Here are a few ways you can replace your income during family leave: 

Paid Family Leave

This is the ideal situation of course, but don’t hold your hopes up too high. The National Compensation Survey (NCS) conducted by the Bureau of Labor Statistics, revealed that just 14 percent of civilian workers had access to paid family leave in 2016. There are a few states who are pioneering paid leave: These include California, New Jersey, and Rhode Island, and New York joined the group in January 2018. If you work in the tech industry, you could also be in luck: Tech companies offer some of the best family leave out there. Ask your HR team or boss if they offer this benefit. 

Short-Term Disability Insurance

Short-term disability insurance is another way to protect your income when you cannot work due to an illness or injury. This includes pregnancies — and it’s very commonly used for this purpose by employers. Short-term disability insurance plans often cover six weeks post-partum. It covers a portion of your income — normally around 60 percent. Several states such as New York, New Jersey, Hawaii and Rhode Island have short term disability laws in place. You can also purchase this form of insurance as an individual. 

Unpaid Family Leave

The vast majority of American workers don’t have access to paid family leave (88 percent according to the NCS study). So your next step is to see if you qualify for unpaid family leave — which keeps your job intact although it doesn’t offer a salary. The federal Family and Medical Leave Act (FMLA) was signed into law in 1993 and it guarantees eligible workers up to 12 weeks of job-protected, unpaid leave per year. FMLA does have its limitations though: it only applies to companies that have more than 50 employees within 75 miles of your workplace. You also need to have worked there for at least a year and put in a minimum of 1,250 hours. Laws around this also vary from state-to-state so you’ll need to research your local situation. FMLA applies to giving birth, adopting a child, or fostering a child — and it can also be used in the cases of caring for a spouse or parent with a serious health condition. There are ways of making it work while on unpaid leave—you just need to plan well.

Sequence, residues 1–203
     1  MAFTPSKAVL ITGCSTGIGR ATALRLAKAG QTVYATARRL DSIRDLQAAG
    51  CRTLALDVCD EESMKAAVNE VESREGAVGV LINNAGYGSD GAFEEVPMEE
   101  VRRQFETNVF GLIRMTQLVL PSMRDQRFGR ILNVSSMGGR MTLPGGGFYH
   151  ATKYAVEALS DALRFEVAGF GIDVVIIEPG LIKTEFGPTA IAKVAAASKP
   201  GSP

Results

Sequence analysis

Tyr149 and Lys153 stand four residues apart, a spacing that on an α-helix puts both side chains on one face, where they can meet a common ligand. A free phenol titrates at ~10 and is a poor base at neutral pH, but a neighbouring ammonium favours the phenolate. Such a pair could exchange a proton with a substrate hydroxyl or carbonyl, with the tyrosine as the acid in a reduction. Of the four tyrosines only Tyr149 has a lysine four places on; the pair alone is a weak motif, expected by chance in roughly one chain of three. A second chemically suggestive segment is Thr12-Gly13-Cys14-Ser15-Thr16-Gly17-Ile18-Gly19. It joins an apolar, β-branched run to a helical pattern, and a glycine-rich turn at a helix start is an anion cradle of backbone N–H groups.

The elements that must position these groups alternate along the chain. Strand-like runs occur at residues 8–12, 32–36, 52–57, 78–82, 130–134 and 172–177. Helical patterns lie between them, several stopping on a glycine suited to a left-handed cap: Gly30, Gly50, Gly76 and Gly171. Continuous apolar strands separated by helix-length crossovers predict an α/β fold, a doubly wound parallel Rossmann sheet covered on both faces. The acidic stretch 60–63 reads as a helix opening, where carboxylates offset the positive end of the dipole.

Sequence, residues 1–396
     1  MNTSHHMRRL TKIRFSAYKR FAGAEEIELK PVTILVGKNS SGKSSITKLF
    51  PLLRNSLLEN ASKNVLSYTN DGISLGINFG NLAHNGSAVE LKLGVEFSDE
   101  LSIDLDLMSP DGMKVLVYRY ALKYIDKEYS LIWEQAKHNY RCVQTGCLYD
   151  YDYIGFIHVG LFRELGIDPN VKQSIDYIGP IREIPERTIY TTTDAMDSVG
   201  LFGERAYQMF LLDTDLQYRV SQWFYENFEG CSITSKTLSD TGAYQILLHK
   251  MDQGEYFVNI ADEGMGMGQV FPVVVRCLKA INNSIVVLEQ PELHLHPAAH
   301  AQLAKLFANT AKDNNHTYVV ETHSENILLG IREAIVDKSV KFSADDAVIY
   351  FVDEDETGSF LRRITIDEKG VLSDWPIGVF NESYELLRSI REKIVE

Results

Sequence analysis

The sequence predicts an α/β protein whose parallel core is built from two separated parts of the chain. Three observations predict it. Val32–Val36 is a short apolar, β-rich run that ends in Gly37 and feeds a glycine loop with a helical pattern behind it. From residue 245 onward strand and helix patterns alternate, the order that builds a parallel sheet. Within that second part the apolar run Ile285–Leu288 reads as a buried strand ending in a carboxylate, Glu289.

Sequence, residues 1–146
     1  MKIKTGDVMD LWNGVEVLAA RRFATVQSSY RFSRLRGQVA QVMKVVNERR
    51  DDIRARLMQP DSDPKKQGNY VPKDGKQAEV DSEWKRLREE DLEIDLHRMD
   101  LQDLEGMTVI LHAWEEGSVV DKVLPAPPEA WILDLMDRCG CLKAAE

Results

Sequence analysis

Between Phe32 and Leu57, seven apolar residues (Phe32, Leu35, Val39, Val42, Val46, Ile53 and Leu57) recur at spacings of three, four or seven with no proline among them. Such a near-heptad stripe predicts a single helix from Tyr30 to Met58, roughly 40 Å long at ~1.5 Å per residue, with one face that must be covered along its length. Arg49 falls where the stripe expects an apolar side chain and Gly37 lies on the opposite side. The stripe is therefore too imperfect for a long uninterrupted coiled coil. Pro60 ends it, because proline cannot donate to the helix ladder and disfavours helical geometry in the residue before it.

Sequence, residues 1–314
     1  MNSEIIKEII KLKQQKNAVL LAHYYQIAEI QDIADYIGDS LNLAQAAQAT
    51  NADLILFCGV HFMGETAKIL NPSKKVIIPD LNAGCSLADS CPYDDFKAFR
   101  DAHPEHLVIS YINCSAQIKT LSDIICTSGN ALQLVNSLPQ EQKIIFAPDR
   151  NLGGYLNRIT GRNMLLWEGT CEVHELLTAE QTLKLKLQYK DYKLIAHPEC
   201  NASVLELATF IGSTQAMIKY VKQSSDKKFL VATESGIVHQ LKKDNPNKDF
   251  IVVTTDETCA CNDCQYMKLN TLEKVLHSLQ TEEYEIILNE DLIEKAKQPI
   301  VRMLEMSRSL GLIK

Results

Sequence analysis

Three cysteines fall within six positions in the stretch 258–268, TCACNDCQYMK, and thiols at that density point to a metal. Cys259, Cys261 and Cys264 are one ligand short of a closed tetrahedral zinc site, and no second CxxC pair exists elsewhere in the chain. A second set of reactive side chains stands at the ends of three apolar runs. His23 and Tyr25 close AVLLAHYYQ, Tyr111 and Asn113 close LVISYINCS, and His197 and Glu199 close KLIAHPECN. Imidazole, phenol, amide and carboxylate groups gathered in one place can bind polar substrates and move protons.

Paid Time Off (PTO)

Many people will use some of their PTO to cover their income for part of their leave. Your workplace may require you to use up your accumulated PTO before benefits can kick in. Others will allow the benefits to begin immediately, which may allow you to use some of your PTO to extend the length of time you can stay at home. 

Take the time to educate yourself on the benefits that apply to you. Know your rights and don’t be afraid to try to negotiate a better deal. If you are just starting to think about having a child, now is a great idea to build out a financial plan to help avoid the stressors down the line. With a plan in place, you can relax and enjoy the extraordinary gift of welcoming a new life into the world.




The Cost of Cancer – Planning for Survival

Jan-cancer-costs-imageNo one plans to have cancer. Aside from the shock and anxiety for the future a diagnosis brings, cancer also presents a financial situation that few people fully consider. Huge medical bills, on top of the typical expenses like college loans, mortgages, and car payments, can leave survivors concerned about their finances. Despite this, there are a variety of precautions and preparations that can be taken to limit the impact of a diagnosis from a financial perspective. The effects of cancer can certainly rear its head in many ways. However, with some additional budgeting, cancer patients can put their minds moreso at ease while heading on the road to recovery.

Types of Costs

Costs associated with cancer can present themselves in a variety of ways. A 2017 study from JAMA Oncology shows that cancer patients tend to spend upwards of a third of their income on medical expenses, in addition to their usual health insurance fees. One of the primary causes of debt is of course the presence of medical bills. From seeing primary physicians, specialists, consultants, and other healthcare professionals, each of these visits and additional tests can add up.